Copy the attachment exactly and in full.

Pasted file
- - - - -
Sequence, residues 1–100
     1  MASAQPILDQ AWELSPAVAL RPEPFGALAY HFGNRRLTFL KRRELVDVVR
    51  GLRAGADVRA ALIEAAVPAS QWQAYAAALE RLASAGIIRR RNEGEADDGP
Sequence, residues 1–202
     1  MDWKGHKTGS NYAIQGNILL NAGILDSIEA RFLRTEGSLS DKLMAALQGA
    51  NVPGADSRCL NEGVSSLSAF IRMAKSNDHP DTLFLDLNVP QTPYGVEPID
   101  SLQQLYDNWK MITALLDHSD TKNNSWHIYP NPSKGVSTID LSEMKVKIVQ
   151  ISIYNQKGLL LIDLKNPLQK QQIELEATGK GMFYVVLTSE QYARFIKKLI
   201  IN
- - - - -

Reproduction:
Sequence, residues 1–100
     1  MASAQPILDQ AWELSPAVAL RPEPFGALAY HFGNRRLTFL KRRELVDVVR
    51  GLRAGADVRA ALIEAAVPAS QWQAYAAALE RLASAGIIRR RNEGEADDGP
Sequence, residues 1–202
     1  MDWKGHKTGS NYAIQGNILL NAGILDSIEA RFLRTEGSLS DKLMAALQGA
    51  NVPGADSRCL NEGVSSLSAF IRMAKSNDHP DTLFLDLNVP QTPYGVEPID
   101  SLQQLYDNWK MITALLDHSD TKNNSWHIYP NPSKGVSTID LSEMKVKIVQ
   151  ISIYNQKGLL LIDLKNPLQK QQIELEATGK GMFYVVLTSE QYARFIKKLI
   201  IN